Daysacks are still sometimes made of cotton canvas, but it is considered too heavy for bigger packs.
Larger rucksacks are now nearly all made of polyester or nylon with a synthetic waterproof coating. The coating is commonly polyurethane (PU), the same coating used to make the vegetarian leather used in shoes.
However, there are some that still use PVC, which is much more environmentally toxic. Hi Gear, Trespass, Regatta, Fjällräven, Vango, Craghoppers, Gelert, Addidas, Puma, Reebok and Hurley all sell some PVC rucksacks, and have therefore been marked down in the pollution and toxics category on the table.
Bigger rucksacks also have frames, which are most often aluminium, although some high end rucksacks use expensive composite materials instead. Aluminium is famously energy intensive to make, and so it is believable when Fjällräven claim that their own analysis of one of their ruckacks showed the frame to be the part with the biggest environmental impact.
They now make a rucksack with a wooden frame, which they claim this has reduced the emissions of the frame by 90%. Rather disappointingly, no one seems to make a rucksack with a recycled frame.
Fjällräven, Haglofs, Jack Wolfskin and Patagonia all make some rucksacks out of recycled polyester. Each receives a product sustainability mark on the table above for this. As well as diverting plastic from landfill, recycling polyester uses about a-third-to-a-half less energy than producing virgin polyester, and generates half the greenhouse gas emissions.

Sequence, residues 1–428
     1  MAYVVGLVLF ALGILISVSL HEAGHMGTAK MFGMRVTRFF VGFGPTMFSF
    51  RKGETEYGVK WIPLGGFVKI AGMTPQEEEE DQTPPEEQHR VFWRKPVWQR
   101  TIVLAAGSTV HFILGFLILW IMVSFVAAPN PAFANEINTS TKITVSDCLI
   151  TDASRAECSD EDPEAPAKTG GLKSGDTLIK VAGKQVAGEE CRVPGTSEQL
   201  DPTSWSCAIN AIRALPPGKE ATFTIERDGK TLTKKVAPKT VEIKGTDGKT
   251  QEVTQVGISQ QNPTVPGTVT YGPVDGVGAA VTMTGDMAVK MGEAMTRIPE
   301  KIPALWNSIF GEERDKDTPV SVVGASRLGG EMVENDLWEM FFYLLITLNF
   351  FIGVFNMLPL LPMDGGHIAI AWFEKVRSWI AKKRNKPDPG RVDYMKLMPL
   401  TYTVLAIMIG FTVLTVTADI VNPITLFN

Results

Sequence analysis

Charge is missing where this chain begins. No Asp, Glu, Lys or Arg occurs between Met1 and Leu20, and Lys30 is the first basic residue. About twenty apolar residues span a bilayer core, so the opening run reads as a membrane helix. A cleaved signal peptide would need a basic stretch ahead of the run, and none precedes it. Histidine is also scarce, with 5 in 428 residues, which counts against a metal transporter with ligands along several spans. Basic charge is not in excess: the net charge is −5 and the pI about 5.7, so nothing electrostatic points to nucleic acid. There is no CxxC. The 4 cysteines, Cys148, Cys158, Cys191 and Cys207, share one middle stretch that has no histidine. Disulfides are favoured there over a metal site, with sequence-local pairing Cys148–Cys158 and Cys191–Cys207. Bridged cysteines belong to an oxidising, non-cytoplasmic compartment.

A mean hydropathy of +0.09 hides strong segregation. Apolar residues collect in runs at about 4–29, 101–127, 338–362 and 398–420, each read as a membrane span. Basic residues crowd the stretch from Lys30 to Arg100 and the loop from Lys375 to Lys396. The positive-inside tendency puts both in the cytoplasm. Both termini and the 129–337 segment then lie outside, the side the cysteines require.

Notable ratings – toxics and animal down
A number of toxic chemicals are used in the outdoor industry, particularly PFCs and phthalates, which have been linked to a range of health problems including asthma, obesity, breast cancer and endocrine disruption. As a result we rated all companies on their policies to phase out these chemicals. And they didn’t do too well. All brands receive our worst rating on toxics apart from Fjällräven, Patagonia, Mammut, Quechua New Balance, Adidas, Puma, Nike and Howies.
Of the companies who sell animal down, the only ones which have decent policies to prevent live-plucking are Patagonia, Fjällräven and Sprayway. We discuss live plucking more in our guide to outdoor jackets.
The only brands that do not sell products containing down are Howies, Arc’Teryx, Craghoppers, Haglofs, Salomon, Mizuno, Adidas, Nike and Osprey.